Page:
Original article written by Will Houston and published on Times Standard on August 26, 2018
At the age of 7, Sister Star said she was drugged, sexually abused and filmed over two days at Eureka hotel by a family friend and fellow member of the Jehovah’s Witnesses who had promised to take her to the beach.
She said she remembered being hungry and thirsty, but was only given more drugs by the men and woman who abused her and another young boy.
“All I kept thinking was I wanted to go home and be with my brother,” Star told the Times-Standard. “That’s all I wanted to do.”
Two months prior, she said her grandfather and other men had done the same to her in the backyard of her grandparent’s Los Angeles home.
These memories of abuse were suppressed for years, Star said, which she said more than likely contributed to her having stroke at the age of 38, causing a permanent disability.
Now 41, Star — who did not wish to provide her full name — said the woman who brought her to the Eureka hotel is still alive. The state’s statute of limitations, however, does not allow for Star to file criminal or civil charges against her abusers. But Star filed a report with the Humboldt County Sheriff’s Office regardless. She said she will no longer be a victim, and is now a survivor speaking out against the Jehovah’s Witnesses organization that she said allowed for years of abuse to be dismissed and ignored and has forever tarnished the lives of many people.
“I’m hoping that there is going to be more people feeling safe to come out and tell even if it was 40 years ago, 10 years ago, five years ago,” Star said. “It’s all about telling the truth and what you have gone through and what you’re escaping. But by telling you story you can help save children now inside this organization.”
The Times-Standard contacted the Jehovah’s Witnesses’ World Headquarters for comment. The organization responded with a document outlining explaining its “scripturally-based” position on child protection.
“Jehovah’s Witnesses abhor child abuse and view it as a crime. (Romans 12:9)” the document states. “We recognize that the authorities are responsible for addressing such crimes. (Romans 13:1-4) The elders do not shield any perpetrator of child abuse from the authorities.”
Star said her experience was far different.
Star said she is a fourth generation Jehovah’s Witness, but was born out of wedlock, which she said brought shame to her mother and family.
“I was born to a family that didn’t want me. I was used,” Star said. “ … The religion set the stage to have people abuse me constantly, like I was around nothing but abuse day in and day out.”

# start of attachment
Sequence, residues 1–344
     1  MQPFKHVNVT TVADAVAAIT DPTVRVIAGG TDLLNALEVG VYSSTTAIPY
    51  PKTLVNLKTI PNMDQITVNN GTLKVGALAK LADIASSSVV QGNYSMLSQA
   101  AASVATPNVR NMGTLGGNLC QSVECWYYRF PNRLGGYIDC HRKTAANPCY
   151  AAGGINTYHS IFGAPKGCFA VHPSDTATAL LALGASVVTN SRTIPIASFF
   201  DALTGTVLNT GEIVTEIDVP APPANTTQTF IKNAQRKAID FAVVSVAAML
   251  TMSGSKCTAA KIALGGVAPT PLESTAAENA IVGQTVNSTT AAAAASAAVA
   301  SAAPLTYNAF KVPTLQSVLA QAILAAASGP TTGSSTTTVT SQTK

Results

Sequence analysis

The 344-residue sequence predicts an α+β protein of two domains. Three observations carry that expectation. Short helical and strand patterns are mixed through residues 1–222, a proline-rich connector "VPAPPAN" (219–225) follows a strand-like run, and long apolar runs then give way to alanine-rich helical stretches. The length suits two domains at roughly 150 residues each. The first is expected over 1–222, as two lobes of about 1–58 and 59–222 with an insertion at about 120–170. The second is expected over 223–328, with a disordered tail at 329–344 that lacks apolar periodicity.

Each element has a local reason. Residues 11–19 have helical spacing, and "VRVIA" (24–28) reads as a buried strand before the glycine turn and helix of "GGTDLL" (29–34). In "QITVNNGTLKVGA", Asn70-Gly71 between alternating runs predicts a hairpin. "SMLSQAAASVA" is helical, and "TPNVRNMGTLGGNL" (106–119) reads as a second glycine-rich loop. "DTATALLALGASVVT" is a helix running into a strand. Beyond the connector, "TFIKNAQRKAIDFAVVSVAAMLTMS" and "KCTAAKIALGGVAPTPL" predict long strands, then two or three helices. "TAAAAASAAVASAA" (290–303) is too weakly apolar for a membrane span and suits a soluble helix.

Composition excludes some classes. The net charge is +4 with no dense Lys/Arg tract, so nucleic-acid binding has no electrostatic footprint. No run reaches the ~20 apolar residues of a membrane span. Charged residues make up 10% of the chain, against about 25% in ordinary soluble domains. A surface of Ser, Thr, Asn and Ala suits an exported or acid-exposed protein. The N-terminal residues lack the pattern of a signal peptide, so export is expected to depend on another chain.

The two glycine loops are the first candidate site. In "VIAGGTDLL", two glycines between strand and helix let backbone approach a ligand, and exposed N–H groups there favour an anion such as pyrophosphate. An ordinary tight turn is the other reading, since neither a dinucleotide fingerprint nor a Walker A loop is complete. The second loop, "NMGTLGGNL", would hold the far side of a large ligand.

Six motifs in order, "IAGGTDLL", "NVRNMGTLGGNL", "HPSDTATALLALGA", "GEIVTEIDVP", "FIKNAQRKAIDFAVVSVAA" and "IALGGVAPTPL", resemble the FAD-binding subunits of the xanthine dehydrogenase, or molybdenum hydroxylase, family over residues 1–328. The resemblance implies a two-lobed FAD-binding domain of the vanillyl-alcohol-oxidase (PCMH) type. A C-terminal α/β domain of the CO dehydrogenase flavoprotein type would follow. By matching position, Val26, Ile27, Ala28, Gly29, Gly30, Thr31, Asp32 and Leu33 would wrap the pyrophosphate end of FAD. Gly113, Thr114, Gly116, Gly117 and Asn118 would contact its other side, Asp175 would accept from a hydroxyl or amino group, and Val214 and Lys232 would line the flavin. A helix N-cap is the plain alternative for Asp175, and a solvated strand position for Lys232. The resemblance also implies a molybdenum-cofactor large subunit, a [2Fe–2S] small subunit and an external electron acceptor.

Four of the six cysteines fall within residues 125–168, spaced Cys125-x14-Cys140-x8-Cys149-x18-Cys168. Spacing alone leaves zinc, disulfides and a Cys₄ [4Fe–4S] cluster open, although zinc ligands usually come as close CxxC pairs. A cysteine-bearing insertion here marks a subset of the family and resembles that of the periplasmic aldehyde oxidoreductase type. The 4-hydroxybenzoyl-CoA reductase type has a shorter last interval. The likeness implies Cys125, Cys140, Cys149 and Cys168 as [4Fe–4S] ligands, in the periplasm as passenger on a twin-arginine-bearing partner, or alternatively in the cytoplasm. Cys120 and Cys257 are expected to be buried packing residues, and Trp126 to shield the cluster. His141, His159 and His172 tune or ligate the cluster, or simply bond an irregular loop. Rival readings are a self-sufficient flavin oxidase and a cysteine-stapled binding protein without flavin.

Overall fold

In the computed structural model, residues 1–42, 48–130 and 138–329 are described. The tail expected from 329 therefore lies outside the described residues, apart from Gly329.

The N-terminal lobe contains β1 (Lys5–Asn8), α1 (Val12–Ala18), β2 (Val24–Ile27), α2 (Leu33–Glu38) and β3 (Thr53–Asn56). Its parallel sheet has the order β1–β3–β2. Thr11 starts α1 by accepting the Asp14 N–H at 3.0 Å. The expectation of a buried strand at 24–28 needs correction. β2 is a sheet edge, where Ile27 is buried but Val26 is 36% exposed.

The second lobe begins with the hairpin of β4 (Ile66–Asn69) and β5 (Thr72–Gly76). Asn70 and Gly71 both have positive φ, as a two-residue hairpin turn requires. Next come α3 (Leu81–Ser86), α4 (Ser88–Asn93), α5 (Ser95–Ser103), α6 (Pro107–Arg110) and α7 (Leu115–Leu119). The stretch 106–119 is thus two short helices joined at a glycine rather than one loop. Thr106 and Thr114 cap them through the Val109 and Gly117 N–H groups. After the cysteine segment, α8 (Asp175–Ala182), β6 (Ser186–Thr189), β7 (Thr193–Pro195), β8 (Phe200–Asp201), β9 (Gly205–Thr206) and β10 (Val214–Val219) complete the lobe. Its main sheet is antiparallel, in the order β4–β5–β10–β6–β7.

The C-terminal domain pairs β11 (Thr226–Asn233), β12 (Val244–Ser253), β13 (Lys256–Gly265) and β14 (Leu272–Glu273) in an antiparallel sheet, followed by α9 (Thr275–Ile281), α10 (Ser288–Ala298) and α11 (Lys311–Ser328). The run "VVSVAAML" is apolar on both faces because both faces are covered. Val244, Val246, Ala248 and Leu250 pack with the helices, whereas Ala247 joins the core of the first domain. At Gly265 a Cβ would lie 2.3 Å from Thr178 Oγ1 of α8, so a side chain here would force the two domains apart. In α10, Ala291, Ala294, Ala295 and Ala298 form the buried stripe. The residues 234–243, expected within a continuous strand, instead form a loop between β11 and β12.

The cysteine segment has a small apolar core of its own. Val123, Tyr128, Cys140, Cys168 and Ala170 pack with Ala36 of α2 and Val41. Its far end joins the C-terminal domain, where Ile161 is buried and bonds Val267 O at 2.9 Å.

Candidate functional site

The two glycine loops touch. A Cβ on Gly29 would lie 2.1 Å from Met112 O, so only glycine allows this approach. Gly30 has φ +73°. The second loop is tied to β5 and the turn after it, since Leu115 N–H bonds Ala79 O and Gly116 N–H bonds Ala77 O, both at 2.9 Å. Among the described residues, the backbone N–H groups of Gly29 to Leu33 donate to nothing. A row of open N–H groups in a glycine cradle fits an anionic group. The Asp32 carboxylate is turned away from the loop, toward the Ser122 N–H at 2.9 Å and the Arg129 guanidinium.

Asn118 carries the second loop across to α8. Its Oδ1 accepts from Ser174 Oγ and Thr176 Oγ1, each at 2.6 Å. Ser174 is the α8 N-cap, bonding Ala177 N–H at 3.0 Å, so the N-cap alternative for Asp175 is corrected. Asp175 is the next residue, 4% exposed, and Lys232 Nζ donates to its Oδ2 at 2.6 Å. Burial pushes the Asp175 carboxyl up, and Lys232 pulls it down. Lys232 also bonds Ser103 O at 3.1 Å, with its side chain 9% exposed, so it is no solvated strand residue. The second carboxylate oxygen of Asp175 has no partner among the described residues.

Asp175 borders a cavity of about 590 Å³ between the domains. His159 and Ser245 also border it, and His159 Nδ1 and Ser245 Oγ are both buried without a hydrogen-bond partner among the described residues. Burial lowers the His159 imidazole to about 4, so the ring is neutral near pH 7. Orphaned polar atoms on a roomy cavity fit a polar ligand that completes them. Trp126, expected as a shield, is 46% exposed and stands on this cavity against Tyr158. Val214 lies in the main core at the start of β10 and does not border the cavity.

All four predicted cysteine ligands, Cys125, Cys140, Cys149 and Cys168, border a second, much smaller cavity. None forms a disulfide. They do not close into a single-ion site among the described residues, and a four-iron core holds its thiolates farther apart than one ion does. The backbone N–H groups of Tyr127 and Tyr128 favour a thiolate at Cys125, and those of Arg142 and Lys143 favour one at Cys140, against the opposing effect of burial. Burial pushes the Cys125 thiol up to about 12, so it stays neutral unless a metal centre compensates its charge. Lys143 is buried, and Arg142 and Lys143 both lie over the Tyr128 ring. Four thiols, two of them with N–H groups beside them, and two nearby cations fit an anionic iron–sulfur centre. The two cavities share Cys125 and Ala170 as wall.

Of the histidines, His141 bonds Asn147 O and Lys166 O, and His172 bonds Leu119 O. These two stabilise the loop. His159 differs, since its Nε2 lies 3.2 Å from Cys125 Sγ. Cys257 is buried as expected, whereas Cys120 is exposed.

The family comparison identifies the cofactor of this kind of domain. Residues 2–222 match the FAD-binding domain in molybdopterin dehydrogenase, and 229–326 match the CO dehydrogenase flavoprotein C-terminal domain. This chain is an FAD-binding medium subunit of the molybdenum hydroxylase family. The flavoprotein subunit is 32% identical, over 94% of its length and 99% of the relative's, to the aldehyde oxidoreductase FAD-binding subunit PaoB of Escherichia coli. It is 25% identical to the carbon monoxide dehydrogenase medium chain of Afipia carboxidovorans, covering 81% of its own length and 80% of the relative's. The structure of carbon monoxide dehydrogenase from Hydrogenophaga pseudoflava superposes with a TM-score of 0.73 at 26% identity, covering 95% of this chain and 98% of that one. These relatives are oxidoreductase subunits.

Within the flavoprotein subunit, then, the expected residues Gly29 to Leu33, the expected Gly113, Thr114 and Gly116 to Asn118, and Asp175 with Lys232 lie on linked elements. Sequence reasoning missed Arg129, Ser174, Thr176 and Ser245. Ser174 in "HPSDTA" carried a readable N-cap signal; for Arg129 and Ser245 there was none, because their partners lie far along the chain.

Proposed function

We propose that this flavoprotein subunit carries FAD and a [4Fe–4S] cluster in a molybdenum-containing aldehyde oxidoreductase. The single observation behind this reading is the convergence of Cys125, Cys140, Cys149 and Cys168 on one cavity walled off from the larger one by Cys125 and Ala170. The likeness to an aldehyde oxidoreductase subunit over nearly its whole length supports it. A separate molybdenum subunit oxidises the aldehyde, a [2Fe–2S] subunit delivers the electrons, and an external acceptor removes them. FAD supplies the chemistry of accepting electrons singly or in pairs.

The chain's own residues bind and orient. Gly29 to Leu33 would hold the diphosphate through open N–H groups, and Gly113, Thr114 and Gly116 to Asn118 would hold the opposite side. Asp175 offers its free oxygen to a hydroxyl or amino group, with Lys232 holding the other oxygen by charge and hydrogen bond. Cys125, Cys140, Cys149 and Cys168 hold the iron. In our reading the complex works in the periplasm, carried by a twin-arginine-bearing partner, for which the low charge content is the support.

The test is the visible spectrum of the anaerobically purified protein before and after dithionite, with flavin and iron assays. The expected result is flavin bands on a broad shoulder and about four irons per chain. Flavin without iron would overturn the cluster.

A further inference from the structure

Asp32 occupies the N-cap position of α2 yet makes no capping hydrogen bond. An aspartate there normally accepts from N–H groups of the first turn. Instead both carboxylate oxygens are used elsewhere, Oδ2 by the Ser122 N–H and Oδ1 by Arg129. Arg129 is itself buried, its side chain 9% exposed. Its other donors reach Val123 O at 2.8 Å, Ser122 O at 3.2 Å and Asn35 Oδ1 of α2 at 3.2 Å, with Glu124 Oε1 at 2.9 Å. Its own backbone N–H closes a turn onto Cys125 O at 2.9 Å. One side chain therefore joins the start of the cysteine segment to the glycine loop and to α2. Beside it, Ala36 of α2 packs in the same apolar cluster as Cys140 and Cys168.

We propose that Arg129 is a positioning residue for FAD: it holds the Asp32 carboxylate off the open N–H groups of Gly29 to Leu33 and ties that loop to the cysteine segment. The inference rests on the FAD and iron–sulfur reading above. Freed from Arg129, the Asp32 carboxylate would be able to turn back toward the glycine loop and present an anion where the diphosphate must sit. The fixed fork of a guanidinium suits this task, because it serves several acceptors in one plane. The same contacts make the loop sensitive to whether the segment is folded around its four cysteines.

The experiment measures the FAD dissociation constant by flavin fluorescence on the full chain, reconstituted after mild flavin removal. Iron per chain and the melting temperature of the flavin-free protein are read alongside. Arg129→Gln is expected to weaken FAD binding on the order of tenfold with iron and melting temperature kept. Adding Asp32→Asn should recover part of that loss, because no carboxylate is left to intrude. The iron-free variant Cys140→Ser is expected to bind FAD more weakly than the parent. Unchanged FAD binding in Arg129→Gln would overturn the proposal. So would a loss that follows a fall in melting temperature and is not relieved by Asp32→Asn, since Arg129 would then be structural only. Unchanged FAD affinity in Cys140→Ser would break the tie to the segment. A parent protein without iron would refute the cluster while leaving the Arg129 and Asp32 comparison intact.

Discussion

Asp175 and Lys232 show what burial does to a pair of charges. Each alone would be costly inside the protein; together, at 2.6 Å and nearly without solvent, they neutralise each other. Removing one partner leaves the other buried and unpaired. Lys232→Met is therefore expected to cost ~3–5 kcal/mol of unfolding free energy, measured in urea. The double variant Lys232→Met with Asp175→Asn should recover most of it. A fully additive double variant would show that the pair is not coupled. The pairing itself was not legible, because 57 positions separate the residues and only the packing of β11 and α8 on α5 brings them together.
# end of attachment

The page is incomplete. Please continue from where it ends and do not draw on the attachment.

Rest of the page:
At the age of 14, Star said she told her mother and eventually the elders of the Jehovah’s Witnesses Kingdom Hall in Visalia about the sexual abuse by her stepfather, who she said molested her from age 4 to 14. She feared he would eventually rape her.
Star said she remembered telling the elders what her stepfather did to her, with her stepfather in the room at the same time.
After two days of consideration, Star said the elders said that because there was not two witnesses to the abuse, they would take no action.
She said after the decision, her stepfather walked over to her and whispered in her ear, “Even Jehovah says it’s OK what I did to you.”
Star said she left the Jehovah’s Witnesses at 21, but said she didn’t blame herself for what happened to her. At the age of 34, Star said she remembered the instances of sexual abuse and trafficking she suffered at the age of 7.
“Because they were so horrific,” Star said about why she those memories were suppressed. “And I hadn’t been safe until that time.”
At 38, Star said she suffered a stroke which caused her to lose feeling in parts of her body.
“I was paralyzed and I couldn’t move,” Star said about being at the hospital after the stroke. “I was looking at myself and I was like, ‘OK Star, you’re not tied up, you’re not drugged, people are feeding you.’ Because it symbolized to me the same thing because I lost my voice being drugged and I lost my body being drugged at 7. Then here I am in this situation where I’m having the same problems, but it’s my brain doing it to myself. And they still haven’t figured out why I had this stroke.”
Carole de Gery is a retired San Mateo County sheriff’s deputy working pro bono to investigate Star’s case. De Gery said it was significant for the Humboldt County Sheriff’s Office to accept Star’s report of the Eureka abuse despite the statute of limitations preventing any possibility of prosecution.
“But a lot of times, just to have the answers and put all those pieces of the puzzle together, that helps your mind find closure,” de Gery said.
At the same time, for survivors to share their story will empower others to speak out and report what happened to them.
De Gery said speaking out could also result in potentially serial offenders being apprehended if cases are connected.
In 2016, Gov. Jerry Brown signed Senate Bill 813 which made offenses of rape, sexual assault and other sex offenses committed in 2017 and onward no longer be subject to a statute of limitations.
“It’s these people that hurt children need to be held accountable,” Star said. “You can’t just go around hurting kids. There has to be accountability and that’s why I made a report of all of this. Because there has to be accountability.”
Will Houston can be reached at 707-441-0504.